Interview mit Deniza Popova


A contribution by Gloria Tropsch, July 1, 2019, with Dr. Margarete Zander (rbb & NDR)

Polynushka proves to us whether traditional songs from the Ukraine and Russia are suitable for big cities.

Polynushka, translated means wormwood grass. The ensemble unites Ukrainian with Russian folklore and brings already forgotten traditions back to life.
Unlike most other groups that imitate the chants of the babushki, in Polynushka each individual keeps their timbre.

The ensemble can build on a wide-ranging repertoire. The songs and their origins are just as varied as the composition of the group. 7 women and two men from Russia, Ukraine, Siberia and Bulgaria form a unit in vocal polyphony.

When I heard Polynushka for the first time at a neighborhood festival in Kreuzberg, I was immediately enthusiastic and touched by the intensity that emanated from the voices and their interaction. What can be clearly heard through conversations: Polynushka doesn't just see itself as a bunch of mixed-up people who make music together. The members see themselves as a species surrogate family where you laugh, discuss, support, challenge and of course sing.

In focus is for Polynushka authenticity. A falsification of the ancient texts and melodies is out of the question. The old knowledge, the mythology and symbolism of the songs should be preserved and passed on. The songs are about fates. However, the existing feelings are usually not expressed directly but are hidden behind metaphors and similes. The understanding must therefore be worked out and the meaning behind it recognized. The texts, some of which date from pre-Christian times, deal with nature and the connection to the earth, with gods, animals and fairy tales.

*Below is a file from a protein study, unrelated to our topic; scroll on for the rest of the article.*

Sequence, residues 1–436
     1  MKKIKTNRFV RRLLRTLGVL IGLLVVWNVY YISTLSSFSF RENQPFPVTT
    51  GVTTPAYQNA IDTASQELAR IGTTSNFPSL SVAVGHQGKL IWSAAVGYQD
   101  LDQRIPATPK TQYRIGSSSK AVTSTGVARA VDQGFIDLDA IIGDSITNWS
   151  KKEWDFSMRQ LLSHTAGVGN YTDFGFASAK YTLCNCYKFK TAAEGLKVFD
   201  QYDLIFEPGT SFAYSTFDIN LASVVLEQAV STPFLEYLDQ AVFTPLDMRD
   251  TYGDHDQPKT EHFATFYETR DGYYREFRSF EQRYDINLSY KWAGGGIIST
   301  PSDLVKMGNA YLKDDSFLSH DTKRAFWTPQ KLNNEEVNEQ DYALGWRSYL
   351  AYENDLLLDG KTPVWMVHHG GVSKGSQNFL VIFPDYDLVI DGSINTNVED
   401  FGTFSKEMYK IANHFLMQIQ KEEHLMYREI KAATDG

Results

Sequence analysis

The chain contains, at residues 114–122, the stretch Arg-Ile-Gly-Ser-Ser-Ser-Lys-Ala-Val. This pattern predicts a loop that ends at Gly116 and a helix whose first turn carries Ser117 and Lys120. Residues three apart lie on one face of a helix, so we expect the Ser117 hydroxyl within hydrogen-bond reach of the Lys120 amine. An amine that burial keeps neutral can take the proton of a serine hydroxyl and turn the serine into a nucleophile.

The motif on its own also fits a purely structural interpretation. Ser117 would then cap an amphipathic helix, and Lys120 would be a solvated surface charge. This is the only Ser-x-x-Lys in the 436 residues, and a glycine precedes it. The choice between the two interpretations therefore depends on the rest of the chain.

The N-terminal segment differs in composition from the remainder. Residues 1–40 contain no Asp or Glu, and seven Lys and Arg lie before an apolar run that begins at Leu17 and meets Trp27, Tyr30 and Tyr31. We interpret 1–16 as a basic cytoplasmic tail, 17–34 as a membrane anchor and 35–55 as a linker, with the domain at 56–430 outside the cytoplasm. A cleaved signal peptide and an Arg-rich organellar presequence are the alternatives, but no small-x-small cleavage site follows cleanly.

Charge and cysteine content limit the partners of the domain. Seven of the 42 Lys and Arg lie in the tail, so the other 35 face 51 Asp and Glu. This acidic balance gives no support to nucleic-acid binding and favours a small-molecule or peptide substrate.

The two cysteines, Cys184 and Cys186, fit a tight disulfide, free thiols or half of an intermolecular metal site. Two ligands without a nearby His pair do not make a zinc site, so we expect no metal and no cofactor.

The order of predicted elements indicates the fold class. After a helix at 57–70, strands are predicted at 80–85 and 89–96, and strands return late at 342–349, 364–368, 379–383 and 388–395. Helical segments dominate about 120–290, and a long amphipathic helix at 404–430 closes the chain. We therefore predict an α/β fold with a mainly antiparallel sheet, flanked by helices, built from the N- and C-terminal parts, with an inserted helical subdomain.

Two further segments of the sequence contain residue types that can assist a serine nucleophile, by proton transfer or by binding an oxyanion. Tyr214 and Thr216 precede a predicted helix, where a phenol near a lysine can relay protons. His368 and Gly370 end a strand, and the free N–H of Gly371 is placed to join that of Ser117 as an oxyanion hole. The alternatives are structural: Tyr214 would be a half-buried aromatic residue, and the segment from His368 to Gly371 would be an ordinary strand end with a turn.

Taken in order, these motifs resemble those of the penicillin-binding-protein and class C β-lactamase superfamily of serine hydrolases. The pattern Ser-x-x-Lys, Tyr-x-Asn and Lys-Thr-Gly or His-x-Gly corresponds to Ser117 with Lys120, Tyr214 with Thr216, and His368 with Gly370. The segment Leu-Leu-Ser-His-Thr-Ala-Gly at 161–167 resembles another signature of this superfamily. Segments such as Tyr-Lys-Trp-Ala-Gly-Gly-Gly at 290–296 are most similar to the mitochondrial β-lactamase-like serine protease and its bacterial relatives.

When you hear Polynushka singing, the room vibrates. The members react, one to the other. The released thought is absorbed, pursued and further developed. The love for folklore from home is not only noticeable among the members, but the joy and energy is passed on directly to the people who listen to their songs.


Interview with Polina Proutskova Funkhaus Europa

Radio report by Torsten Möller on SWR2 about a concert of Heimatlieder from Germany in Domicil Dortmund as part of the Music by Polynushka, by the ethnic group Gora, by La Caravane du Maghreb and by Njamy Sitson can be heard. Jochen Kühling, Sandra Stupar and Youssef Belbachir have their say.

Johannes Theurer (RBB, co-founder of Radio Multikulti):
Polýnushka is a complete exception. I don't know of anything comparable at all. In any case, for me it is a very big exception that people work with archive content in such a committed and well-founded manner and then also in the direction of the public.

Barbara Etz (film producer):
The young singers of the Polýnushka ensemble create cultural clashes that are intended. They perform, for example, in underground clubs in Berlin and London and at the same time in large concert halls, in front of ambassadors and politicians. They bring the Russian village to the western cities. There is a large fan base in Berlin that would normally turn away from folk music, but who find Polýnushka 'cool'. This ranges from wistful globetrotters to the colorful Russian community, to scattered punks and Berlin intellectuals to German-Russians of the 2nd and 3rd generation.

Hanni Bode (Deutschlandradio Kultur, music editor):
What is authentic about the Ensemble Polýnushka? It's the melody or the way of singing ... - this is very precisely modeled and also creatively implemented, just as the women in the village would do if the village were still the way it was.

Jan Brachmann (musicologist and journalist, Usedom Music Festival):
The members of the ensemble are not only musically trained, they are also scientifically trained. They collect the songs on their own trips or learn them by listening. Grades are not used. They are concerned with an authentic folklore, in which the original sound, the texts, but also the real-life context of the songs and stories should be preserved.

Ildar Kharissov (Composer):
This music takes me into another reality that is different from the one I earn my money with and I think that's wonderful.